Jeffrey Smith

Jeffrey Smith
Data Scientist
Ph.D Physics, Cornell University
Major Awards: 

NASA Exceptional Technology Achievement Medal, 2012

NASA Ames Honor Award For Excellence in the Category of Contractor Employee, 2012 

American Physical Society California Section Luis Alvarez Award for Best Experimental Research, 2009

Ford Fellowship for Undergraduate Independent Research, 2000

Curriculum Vitae: 
Data Science, Signal Processing, Physics Modeling
From bosons to planets: Searching the tiniest of inner-spaces straight up to galactic scales.

Jeff Smith in LHC tunnelDr. Smith began his academic passion in the field of Accelerator Physics. After building a cyclotron, a small particle accelerator, as an undergraduate at Knox College, Jeff matriculated at Cornell University furthering his passion for high energy particle accelerators and uncovering the inner workings of fundamental particles & the universe. His Ph.D. thesis was on the design of the International Linear Collider (ILC), a 22 mile-long electron-positron accelerator that will complement the discoveries being made at the Large Hadron Collider (LHC) at CERN in Geneva, Switzerland. In order to increase the chances of creating rare particle events, the two particle beams colliding in the ILC must be very well concentrated onto an area smaller than the size of a hemoglobin molecule.  Jeff developed methods to preserve the small sizes of the beams, along with their polarization, over the full 22 mile long length of the machine. After Cornell, Jeff joined the SLAC National Accelerator Facility at Stanford University to continue his work on the ILC and also to develop upgrade hardware for the Large Hadron Collider (LHC). As was demonstrated during its catastrophic failure soon after start of operation, the LHC requires sophisticated methods to protect itself from the very beams it creates. Jeff contributed to the development of a new collimation system to help ensure such failures never happen again. The new collimation system was installed in the LHC during the most recent major shutdown in 2013.

Jeff Smith on Mauna KeaAfter a successful career looking into the tiniest of inner-spaces Jeff decided to look up to the stars. Dr. Smith now develops data processing and planet detection algorithms for the Kepler and TESS Mission. Launched in March 2009, the Kepler Spacecraft has found well over 4000 potential planets and the number of confirmed planets is now approaching 1000. Eking out planet signals in the Kepler Data has proven to be a challenging and rewarding endeavor. Kepler is succeeding in detecting signals down to 20 parts-per-million — that’s equivalent to finding a 2 micron bump on a 4 inch cannonball (a human hair is 80 microns thick)! To this end a sophisticated data processing pipeline has been developed to proceed from raw Kepler pixel data to planet signals. Development continues on the detection algorithms but with the Kepler data now extant at four years, even greater pressure is placed on the detection software to find every last planet we can with the limited data set. With Kepler now hobbled with only 2 reaction wheels, a new data collection campaign has begun. Jeff is also involved in developing data processing algorithms for the new Kepler data (called K2) to help recover as much as possible the performance of the original Kepler mission. Looking toward the future, Dr. Smith is involved with adapting the Kepler science processing algorithms for use with the Transiting Exoplanet Survey Satallite (TESS), a new NASA planet finding mission to be launched in the near future.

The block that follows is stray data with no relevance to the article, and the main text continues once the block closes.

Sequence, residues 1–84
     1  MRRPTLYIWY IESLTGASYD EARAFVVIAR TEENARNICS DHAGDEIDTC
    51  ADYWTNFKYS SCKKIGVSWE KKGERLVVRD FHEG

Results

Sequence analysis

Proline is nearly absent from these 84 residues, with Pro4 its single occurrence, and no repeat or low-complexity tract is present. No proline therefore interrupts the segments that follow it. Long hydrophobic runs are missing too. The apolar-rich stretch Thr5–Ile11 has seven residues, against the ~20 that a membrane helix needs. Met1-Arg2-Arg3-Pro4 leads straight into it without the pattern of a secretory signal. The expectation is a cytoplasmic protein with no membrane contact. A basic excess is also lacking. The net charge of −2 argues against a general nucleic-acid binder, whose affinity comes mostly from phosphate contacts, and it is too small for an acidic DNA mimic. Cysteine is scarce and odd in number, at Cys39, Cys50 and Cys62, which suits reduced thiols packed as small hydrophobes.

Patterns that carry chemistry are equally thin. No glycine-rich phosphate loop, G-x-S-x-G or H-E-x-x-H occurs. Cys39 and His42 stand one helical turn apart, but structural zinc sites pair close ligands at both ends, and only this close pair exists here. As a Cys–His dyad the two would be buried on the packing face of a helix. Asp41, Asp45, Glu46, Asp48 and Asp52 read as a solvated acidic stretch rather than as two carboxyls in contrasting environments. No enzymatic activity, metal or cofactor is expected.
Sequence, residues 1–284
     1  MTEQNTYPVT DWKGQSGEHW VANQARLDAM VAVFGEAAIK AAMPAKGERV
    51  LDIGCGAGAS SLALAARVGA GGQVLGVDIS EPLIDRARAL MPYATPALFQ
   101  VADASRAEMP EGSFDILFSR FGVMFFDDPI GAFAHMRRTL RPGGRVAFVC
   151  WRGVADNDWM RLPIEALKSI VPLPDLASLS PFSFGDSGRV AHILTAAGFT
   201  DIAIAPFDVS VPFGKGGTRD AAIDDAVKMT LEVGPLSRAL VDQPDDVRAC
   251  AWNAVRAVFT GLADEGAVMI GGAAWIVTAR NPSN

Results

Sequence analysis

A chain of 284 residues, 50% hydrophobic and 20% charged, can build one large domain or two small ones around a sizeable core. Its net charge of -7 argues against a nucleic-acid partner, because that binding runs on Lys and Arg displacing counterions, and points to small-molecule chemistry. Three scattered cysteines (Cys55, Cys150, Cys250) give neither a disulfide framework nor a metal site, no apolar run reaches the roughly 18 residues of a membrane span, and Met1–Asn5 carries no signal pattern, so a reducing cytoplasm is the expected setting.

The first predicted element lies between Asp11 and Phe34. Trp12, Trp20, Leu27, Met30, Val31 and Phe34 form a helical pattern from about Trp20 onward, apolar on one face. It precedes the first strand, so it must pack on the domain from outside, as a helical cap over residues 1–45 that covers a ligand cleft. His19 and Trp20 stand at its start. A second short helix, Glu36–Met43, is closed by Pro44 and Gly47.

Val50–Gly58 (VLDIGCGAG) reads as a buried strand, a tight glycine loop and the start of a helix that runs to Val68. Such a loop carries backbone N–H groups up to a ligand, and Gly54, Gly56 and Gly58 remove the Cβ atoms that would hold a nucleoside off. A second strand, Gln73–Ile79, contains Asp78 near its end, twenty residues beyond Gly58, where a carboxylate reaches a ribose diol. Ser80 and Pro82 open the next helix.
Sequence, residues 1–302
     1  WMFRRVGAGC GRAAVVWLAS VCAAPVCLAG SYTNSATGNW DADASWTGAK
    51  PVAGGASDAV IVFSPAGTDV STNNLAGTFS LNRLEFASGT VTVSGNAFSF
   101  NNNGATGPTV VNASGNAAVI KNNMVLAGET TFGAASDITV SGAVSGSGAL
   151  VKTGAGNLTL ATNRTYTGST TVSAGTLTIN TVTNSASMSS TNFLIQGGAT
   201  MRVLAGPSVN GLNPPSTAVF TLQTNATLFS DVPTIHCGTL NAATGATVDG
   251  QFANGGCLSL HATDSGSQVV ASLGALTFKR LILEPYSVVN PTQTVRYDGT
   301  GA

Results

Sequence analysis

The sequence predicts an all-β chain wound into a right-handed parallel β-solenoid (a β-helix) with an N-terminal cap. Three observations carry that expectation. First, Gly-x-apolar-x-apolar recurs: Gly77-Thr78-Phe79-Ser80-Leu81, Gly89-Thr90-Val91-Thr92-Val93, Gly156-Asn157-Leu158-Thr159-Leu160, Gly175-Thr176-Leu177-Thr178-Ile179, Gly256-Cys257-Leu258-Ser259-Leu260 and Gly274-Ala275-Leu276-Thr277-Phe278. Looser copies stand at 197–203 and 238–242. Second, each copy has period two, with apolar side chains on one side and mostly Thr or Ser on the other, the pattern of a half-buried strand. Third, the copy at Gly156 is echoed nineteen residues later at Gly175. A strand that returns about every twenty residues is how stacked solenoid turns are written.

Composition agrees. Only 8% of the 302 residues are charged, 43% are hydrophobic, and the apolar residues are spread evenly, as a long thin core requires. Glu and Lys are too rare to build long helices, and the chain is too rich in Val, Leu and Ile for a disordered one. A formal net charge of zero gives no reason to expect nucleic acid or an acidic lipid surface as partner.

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Science Processing Support for the Extended Kepler Mission

In December 2001, Kepler became the 10th mission selected for flight by NASA’s Discovery Program, and the first such oriented to achieve goals under NASA’s Origins theme. The Kepler Mission seeks to determine the prevalence of Earth-size and larger planets orbiting solar-like stars in the solar neighborhood, and to characterize the stellar properties favoring the development of planetary systems. It achieves this goal through transit photometry by monitoring ~156,000 main-sequence stars continuously and simultaneously for at least 3 1/2 years, to detect signatures of transiting planets in the flux time series of their host stars. In April 2012, the NASA Astrophysics Senior Review recommended extending Kepler for an additional 4 years of science operations, through September 2016. This proposal seeks to support the operation and evolution of the science pipeline to support Kepler’s Extended Mission